A highway paving contractor hired by the Florida Department of Transportation (FDOT) began construction on Monday to remove the rumble stripes on A1A that stretch from Ponte Vedra to Vilano Beach.
Construction on A1A will take place Monday through Friday from 8 a.m. to 7 p.m.
FDOT Spokeswoman Debbie Delgado expects the $2 million project to take approximately two months, with work expected to be completed by late May. Construction includes removing the center and shoulder stripes as well as expanding the bike lanes from five to six feet. Delgado added that the roadway will be resurfaced, which hasn’t been done in about 10 years. Work is starting on the Vilano Beach end of the roadway.
“We listened to the community, and we’re reevaluating the standards for where we put these,” said Delgado, who noted the contractor is Halifax Paving from Ormond Beach. “We’re really looking out for the safety of everyone.”
The FDOT spokeswoman added that the construction will result in moving lane closures, which she said will be limited to one to two miles in length and adjusted throughout the day. Because of the ongoing work, Delgado said there’s always the potential for backups on A1A.
The rumble stripes are being removed less than a year after they were first installed due to vehement opposition from nearby residents, who insisted the noise generated by the stripes has negatively impacted their quality of life. FDOT added the striping to the 15-mile stretch of A1A from south of Mickler’s Landing Beach to north of Carcaba Road to help prevent collisions on the roadway. But residents claim the purported safety measure has instead created a more unsafe environment for the residential area, especially for cyclists who say the rumble stripes have decreased the size of their bike lanes.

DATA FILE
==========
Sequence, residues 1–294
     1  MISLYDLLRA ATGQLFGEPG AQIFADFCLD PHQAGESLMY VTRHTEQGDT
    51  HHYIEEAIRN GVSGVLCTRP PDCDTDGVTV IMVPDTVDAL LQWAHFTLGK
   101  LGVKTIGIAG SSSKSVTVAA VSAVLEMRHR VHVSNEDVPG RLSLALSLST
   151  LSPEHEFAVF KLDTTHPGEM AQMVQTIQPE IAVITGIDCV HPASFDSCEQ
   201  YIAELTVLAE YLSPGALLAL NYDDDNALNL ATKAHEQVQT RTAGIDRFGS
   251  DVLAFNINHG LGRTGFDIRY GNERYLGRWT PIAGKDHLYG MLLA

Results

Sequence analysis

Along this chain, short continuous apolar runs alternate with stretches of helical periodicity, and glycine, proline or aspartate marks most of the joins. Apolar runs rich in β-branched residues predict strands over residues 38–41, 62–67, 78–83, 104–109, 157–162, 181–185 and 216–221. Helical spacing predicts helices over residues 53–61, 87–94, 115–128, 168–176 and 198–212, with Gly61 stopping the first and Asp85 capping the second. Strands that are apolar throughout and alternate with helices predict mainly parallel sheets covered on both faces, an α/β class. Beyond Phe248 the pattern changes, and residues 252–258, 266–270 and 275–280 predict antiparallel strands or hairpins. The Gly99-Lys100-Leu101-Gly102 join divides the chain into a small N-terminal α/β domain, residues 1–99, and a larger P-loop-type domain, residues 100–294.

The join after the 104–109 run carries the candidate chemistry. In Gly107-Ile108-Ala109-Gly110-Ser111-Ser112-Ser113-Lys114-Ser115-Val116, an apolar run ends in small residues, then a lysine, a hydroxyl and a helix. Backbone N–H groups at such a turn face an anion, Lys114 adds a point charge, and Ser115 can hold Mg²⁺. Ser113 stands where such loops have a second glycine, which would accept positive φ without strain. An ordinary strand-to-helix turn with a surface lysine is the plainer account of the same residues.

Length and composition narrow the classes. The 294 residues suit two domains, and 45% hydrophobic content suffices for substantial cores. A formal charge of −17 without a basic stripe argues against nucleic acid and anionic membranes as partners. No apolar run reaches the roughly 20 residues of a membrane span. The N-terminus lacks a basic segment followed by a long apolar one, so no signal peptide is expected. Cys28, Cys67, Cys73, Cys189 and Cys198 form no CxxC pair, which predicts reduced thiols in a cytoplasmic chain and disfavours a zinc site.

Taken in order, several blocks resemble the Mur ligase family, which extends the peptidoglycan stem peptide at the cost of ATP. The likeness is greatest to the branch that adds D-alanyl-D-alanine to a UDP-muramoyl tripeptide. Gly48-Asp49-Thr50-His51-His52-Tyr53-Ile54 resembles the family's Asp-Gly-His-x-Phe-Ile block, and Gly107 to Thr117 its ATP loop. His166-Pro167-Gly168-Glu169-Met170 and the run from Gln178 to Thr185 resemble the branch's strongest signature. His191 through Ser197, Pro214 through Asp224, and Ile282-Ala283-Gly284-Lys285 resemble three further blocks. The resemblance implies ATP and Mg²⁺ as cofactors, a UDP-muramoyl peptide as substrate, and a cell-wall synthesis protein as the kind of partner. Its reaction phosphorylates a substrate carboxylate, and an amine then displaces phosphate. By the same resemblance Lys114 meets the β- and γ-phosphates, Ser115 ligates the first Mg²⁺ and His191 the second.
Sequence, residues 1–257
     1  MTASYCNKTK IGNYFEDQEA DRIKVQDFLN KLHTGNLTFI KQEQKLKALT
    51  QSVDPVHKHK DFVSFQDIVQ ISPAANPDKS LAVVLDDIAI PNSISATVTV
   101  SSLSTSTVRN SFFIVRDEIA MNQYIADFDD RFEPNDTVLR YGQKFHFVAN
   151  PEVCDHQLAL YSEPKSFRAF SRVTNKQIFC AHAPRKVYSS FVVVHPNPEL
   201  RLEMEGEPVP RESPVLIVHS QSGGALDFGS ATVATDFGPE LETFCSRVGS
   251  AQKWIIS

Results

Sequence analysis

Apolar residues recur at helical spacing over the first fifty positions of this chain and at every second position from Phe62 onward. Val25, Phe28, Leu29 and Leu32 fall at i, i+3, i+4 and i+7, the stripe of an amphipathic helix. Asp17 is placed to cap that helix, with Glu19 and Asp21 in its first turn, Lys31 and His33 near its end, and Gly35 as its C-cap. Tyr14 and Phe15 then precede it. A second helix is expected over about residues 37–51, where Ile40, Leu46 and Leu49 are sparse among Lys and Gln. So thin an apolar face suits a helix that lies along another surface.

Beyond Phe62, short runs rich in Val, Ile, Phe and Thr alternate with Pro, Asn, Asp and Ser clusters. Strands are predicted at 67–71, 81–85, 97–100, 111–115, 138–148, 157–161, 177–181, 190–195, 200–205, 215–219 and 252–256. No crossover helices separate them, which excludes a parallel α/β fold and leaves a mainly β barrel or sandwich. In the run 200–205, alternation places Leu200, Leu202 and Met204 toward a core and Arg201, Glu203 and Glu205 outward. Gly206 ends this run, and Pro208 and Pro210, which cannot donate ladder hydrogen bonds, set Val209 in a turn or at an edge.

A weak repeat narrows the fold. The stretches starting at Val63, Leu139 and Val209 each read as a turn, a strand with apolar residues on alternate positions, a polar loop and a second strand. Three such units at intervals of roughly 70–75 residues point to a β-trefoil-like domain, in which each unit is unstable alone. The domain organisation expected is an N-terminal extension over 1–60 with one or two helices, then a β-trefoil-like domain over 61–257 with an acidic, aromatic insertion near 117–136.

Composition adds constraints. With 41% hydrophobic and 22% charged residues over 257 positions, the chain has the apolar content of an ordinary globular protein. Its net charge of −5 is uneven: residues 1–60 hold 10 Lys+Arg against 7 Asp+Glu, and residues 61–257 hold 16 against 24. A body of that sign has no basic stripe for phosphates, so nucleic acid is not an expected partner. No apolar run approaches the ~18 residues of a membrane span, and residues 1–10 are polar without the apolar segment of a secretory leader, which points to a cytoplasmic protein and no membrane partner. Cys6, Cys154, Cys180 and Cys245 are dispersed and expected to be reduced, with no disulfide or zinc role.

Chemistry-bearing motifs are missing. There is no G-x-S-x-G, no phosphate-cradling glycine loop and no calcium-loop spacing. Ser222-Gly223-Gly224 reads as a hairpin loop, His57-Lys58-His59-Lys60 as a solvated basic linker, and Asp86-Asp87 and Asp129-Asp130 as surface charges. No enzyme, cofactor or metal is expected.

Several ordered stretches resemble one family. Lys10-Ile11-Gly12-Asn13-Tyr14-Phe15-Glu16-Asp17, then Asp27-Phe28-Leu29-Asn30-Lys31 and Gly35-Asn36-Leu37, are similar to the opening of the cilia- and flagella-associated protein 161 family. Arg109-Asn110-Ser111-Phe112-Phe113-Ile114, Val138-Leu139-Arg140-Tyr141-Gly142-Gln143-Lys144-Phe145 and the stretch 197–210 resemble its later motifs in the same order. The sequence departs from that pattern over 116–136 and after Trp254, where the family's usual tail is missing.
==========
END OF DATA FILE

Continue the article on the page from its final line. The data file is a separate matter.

John Wegl, chairman of the Ponte Vedra Beach Municipal Service District (MSD) board, has been lobbying FDOT on behalf of the residents to remove the rumble stripes over the past year. As a resident of the A1A South area himself, he is thankful the department is addressing the community’s concerns.
“We appreciate DOT listening to our residents and coming to the conclusion that they need to be removed since they basically are installed in a residential area,” said Wegl. “DOT was very cooperative. We’re happy about that.”
Resident Steve Gibson said he’s “thrilled to death” to hear about the removal project. Gibson said the rumble stripes forced him to move his bedroom to the other side of his house, which is the last on Ponte Vedra Boulevard. The noise was so unbearable that he had to make the change, said Gibson, who started a petition after installation of the stripes to urge FDOT to remove them.
Cycling safety activists insist that rumble stripes aren’t generally bad for cyclists. The problem, they say, is where the stripes have been applied. According to Heather Neville, founder of the St. Augustine-based Velofest Community Initiative, standards for bike lanes are five feet in width in an urban setting and seven feet in a rural area. The current bike lanes on A1A, she said, are barely five feet due to the rumble stripes. Add in sand drifts and overgrowth, debris, a few parked cars and residents walking to the beach, and cyclists have nowhere to ride and maneuver.
“It’s compounding an already tight bike line with a very high speed road,” Neville said.
The cycling enthusiast has been pushing for this change since the stripes were installed. Now that the change is forthcoming, Neville is pleased.
“It’s a good thing,” she said. “Every now and then we get a success. I really feel like this is one of those proud moments.”